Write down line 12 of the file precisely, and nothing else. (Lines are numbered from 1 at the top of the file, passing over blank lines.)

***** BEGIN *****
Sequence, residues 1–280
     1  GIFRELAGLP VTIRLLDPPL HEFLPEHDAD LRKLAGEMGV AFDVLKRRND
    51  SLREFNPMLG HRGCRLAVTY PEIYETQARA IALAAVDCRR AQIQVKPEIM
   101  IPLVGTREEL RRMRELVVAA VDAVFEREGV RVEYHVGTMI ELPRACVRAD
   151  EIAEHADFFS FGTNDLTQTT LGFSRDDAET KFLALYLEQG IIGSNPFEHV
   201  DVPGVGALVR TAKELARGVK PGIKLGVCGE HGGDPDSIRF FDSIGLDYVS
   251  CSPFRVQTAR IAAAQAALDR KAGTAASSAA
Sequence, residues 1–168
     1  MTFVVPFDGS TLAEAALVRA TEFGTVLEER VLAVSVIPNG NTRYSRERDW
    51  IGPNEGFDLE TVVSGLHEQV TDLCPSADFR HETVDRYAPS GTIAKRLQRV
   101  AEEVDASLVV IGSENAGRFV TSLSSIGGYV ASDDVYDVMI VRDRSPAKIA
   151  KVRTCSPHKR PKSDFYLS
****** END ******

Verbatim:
   151  KVRTCSPHKR PKSDFYLS